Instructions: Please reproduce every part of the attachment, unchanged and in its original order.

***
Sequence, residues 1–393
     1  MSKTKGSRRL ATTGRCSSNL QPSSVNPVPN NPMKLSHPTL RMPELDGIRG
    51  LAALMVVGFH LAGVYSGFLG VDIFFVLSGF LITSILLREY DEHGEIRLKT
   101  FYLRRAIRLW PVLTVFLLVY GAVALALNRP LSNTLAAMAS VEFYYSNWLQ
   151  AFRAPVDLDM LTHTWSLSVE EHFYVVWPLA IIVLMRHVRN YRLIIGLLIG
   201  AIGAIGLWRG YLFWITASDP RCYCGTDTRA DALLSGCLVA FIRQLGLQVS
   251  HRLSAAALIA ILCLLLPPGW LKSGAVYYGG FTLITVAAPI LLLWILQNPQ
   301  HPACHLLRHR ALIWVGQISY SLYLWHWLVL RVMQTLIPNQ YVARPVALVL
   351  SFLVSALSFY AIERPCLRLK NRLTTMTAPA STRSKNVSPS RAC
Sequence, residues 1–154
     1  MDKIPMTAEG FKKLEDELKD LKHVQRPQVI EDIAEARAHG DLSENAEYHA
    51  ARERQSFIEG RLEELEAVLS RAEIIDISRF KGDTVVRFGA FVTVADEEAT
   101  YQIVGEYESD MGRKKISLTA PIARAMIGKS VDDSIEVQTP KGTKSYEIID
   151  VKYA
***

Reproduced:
Sequence, residues 1–393
     1  MSKTKGSRRL ATTGRCSSNL QPSSVNPVPN NPMKLSHPTL RMPELDGIRG
    51  LAALMVVGFH LAGVYSGFLG VDIFFVLSGF LITSILLREY DEHGEIRLKT
   101  FYLRRAIRLW PVLTVFLLVY GAVALALNRP LSNTLAAMAS VEFYYSNWLQ
   151  AFRAPVDLDM LTHTWSLSVE EHFYVVWPLA IIVLMRHVRN YRLIIGLLIG
   201  AIGAIGLWRG YLFWITASDP RCYCGTDTRA DALLSGCLVA FIRQLGLQVS
   251  HRLSAAALIA ILCLLLPPGW LKSGAVYYGG FTLITVAAPI LLLWILQNPQ
   301  HPACHLLRHR ALIWVGQISY SLYLWHWLVL RVMQTLIPNQ YVARPVALVL
   351  SFLVSALSFY AIERPCLRLK NRLTTMTAPA STRSKNVSPS RAC
Sequence, residues 1–154
     1  MDKIPMTAEG FKKLEDELKD LKHVQRPQVI EDIAEARAHG DLSENAEYHA
    51  ARERQSFIEG RLEELEAVLS RAEIIDISRF KGDTVVRFGA FVTVADEEAT
   101  YQIVGEYESD MGRKKISLTA PIARAMIGKS VDDSIEVQTP KGTKSYEIID
   151  VKYA